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July 22, 2019, 03:36:44 am

Author Topic: Principles of Justice  (Read 2169 times)  Share 

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rlwbac

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Principles of Justice
« on: February 03, 2018, 02:04:58 pm »
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Hi all, I'm having trouble distinguishing between the principles of fairness and equality, the 2 seem very similar. From my understanding, the difference is that fairness relates to the procedures of the legal system which ensure that an accused receives a 'fair trial' such as being able to present their case and having decision makers that make judgments based on objective evidence and who do not have personal interest in the outcome, while equality refers to everyone being subject to equal treatment under the law and receiving their right to have this fair trial regardless of their gender, religion, race etc. while also recognizing those who are disadvantaged and assisting (positively discriminating) them so that begin on a level playing field and are given an equal opportunity to their fair trial. It's a bit disappointing that the study design didn't really explain these principles considering that it is a new area and one which appears in all areas of study. However this is just my interpretation and if anyone could comment/clarify this would be very much appreciated. Thanks and good luck to everyone in their studies this year.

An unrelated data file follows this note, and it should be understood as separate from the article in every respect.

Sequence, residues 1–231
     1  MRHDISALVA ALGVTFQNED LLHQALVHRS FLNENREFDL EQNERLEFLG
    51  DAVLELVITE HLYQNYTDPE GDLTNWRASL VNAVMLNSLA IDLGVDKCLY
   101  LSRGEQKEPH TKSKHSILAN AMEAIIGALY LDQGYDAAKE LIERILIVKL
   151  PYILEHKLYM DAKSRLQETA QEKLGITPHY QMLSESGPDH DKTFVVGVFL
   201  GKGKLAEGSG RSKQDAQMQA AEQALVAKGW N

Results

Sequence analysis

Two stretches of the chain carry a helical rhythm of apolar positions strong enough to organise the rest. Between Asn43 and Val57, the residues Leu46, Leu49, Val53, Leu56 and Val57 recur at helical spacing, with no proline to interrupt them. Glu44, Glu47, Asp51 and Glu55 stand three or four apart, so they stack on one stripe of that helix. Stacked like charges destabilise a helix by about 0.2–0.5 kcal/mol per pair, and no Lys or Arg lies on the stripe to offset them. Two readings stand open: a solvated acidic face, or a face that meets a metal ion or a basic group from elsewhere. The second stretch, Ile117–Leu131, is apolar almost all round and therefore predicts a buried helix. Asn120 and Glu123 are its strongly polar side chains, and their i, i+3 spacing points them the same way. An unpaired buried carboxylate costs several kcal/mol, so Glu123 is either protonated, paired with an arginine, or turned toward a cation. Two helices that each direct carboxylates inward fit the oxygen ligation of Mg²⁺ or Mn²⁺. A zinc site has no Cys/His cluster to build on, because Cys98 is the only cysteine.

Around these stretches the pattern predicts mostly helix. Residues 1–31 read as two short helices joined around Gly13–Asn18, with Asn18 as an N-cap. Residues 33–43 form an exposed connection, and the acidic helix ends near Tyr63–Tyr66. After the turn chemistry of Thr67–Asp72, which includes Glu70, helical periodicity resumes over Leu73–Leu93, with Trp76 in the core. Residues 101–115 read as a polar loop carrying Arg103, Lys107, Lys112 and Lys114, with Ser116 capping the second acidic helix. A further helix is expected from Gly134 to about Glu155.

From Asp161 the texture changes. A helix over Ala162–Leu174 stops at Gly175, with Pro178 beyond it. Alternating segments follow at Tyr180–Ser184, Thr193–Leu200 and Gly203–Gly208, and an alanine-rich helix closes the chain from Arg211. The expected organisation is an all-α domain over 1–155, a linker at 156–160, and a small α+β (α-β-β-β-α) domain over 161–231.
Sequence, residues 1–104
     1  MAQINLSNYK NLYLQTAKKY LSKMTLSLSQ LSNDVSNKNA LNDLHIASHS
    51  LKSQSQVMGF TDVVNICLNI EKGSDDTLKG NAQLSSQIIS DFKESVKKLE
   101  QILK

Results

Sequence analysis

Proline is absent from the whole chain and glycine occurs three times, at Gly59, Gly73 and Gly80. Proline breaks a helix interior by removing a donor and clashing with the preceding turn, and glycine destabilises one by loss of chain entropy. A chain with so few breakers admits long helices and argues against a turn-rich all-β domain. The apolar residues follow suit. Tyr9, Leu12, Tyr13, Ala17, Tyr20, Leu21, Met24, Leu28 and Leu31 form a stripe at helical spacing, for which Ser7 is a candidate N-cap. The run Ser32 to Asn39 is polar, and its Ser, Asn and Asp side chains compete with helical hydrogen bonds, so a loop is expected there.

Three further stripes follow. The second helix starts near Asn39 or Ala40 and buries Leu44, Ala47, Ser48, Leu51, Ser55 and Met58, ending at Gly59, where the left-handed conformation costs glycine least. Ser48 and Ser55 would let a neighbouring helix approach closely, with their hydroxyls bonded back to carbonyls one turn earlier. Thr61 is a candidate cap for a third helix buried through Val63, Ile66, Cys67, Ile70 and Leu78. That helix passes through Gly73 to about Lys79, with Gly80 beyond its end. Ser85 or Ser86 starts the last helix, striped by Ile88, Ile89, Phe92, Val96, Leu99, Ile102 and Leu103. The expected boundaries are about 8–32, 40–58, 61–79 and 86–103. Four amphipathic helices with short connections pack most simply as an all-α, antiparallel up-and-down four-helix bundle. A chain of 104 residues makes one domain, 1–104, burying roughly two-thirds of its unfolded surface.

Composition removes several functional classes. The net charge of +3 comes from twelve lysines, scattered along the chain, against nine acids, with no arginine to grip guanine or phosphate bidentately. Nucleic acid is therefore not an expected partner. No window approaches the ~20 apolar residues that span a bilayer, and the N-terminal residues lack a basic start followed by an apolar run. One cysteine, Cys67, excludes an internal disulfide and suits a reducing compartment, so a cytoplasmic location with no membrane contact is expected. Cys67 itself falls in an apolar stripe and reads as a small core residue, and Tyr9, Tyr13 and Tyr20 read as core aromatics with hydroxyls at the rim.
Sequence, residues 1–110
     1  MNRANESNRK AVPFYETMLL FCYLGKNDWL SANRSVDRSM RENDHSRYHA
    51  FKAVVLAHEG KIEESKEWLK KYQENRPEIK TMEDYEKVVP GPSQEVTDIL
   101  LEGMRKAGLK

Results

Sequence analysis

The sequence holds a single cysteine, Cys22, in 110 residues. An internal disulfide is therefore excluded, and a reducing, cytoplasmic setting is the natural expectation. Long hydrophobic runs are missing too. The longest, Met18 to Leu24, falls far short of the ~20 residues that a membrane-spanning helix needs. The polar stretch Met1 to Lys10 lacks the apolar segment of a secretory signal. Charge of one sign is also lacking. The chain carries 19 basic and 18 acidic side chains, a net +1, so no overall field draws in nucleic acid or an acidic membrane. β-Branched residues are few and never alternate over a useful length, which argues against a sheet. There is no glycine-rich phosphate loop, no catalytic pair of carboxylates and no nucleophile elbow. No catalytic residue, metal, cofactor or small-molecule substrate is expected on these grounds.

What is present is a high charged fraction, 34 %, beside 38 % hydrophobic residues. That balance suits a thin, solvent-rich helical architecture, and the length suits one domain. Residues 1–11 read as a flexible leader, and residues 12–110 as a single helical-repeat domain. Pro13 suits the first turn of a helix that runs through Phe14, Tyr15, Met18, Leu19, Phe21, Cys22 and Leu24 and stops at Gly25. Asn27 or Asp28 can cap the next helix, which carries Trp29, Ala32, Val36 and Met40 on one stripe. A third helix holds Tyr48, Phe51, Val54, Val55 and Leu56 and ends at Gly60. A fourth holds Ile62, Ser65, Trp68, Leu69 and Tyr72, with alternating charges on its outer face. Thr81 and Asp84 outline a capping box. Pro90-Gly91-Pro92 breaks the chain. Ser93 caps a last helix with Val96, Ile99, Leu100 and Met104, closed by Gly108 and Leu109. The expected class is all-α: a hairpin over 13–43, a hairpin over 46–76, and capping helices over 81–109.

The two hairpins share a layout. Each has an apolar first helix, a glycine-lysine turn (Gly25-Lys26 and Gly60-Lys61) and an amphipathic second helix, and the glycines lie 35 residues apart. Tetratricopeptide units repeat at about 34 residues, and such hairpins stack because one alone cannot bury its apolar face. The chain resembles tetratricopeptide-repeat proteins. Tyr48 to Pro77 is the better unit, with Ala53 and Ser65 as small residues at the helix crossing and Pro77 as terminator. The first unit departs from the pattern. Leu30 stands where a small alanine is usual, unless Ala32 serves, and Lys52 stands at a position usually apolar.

lovelyperson

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Re: Principles of Justice
« Reply #1 on: February 03, 2018, 02:52:23 pm »
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Didn't do Legal, but from this thread, from a VCAA examiner and teacher:

The difference that is confusing people is the difference between procedural equality and substantive equality (or 'outcome' equality). The picture posted above from the teacher I don't find helpful, because it implies that there isn't such a thing as substantive equality.

Basically, procedural equality is about giving everyone the same thing, regardless of need or circumstance. Substantive equality (sometimes called equity) is about trying to achieve equality of outcome - so people might be treated differently based on need or circumstance. They're both types of equality; one is just more meaningful in real life than the other. Our legal system tends to focus a bit more on substantive equality than procedural equality.

In my textbook (printed by CPAP) I define both of them and explain the difference. It's really not a contradiction: it's just applying 'equality' to different stages of the process.

Also, with the difference between equality and fairness, it's really just that equality is a small part of fairness. Fairness requires some measure of equality (usually substantive equality), but it also requires other things. Fairness is a measure against values and what people think 'appropriate' treatment and natural justice demand; it includes equality, but also dignity, impartiality, access, etc.

meganrobyn

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Re: Principles of Justice
« Reply #2 on: February 03, 2018, 09:09:33 pm »
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I will upvote that.
[Update: full for 2018.] I give Legal lectures through CPAP, and am an author for the CPAP 'Legal Fundamentals' textbook and the Legal 3/4 Study Guide.
Available for private tutoring in English and Legal Studies.
Experience in Legal 3/4 assessing; author of Legal textbook; degrees in Law and English; VCE teaching experience in Legal Studies and English. Legal Studies [50] English [50] way back when.
Good luck!